Sentinel events associated with the transition from hospital to home: Experiences of individuals with traumatic brain injury and their family caregivers.

Emily Nalder (2011). Sentinel events associated with the transition from hospital to home: Experiences of individuals with traumatic brain injury and their family caregivers. PhD Thesis, School of Health & Rehabilitation Sciences, The University of Queensland.

       
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Author Emily Nalder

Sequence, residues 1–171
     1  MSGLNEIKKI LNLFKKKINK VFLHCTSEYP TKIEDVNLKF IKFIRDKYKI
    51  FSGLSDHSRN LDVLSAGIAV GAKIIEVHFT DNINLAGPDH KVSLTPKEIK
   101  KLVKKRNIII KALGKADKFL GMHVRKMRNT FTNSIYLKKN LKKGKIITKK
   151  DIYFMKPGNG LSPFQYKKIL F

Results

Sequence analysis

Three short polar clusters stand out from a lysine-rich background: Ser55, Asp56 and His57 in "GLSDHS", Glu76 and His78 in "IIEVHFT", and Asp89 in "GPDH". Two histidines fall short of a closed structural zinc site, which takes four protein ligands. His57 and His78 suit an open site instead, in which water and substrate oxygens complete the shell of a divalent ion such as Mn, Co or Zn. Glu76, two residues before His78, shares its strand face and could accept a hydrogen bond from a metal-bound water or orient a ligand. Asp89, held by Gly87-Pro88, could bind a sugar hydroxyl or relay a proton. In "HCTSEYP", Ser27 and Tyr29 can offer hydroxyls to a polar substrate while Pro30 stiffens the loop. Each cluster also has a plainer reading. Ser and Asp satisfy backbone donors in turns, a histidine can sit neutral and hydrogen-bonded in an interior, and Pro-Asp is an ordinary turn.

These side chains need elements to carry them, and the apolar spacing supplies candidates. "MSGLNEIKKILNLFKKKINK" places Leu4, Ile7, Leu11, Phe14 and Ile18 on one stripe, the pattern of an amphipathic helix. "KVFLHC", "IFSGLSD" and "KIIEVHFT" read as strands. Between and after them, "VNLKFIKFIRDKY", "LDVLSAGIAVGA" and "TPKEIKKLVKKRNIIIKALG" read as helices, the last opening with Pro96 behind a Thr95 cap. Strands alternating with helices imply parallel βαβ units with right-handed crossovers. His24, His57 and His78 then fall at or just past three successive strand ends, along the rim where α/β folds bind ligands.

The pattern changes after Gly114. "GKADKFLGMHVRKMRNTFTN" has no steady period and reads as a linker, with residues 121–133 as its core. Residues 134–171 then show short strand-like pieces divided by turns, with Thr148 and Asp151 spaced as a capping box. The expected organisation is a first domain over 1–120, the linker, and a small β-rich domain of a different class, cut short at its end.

Thesis Title Sentinel events associated with the transition from hospital to home: Experiences of individuals with traumatic brain injury and their family caregivers.
School, Centre or Institute School of Health & Rehabilitation Sciences
Institution The University of Queensland
Publication date 2011-12
Thesis type PhD Thesis
Supervisor Associate Professor Jennifer Fleming
Dr Petrea Cornwell
Associate Professor Michele Foster
Total pages 367
Total colour pages 27
Total black and white pages 340
Language eng
Subjects 110321 Rehabilitation and Therapy (excl. Physiotherapy)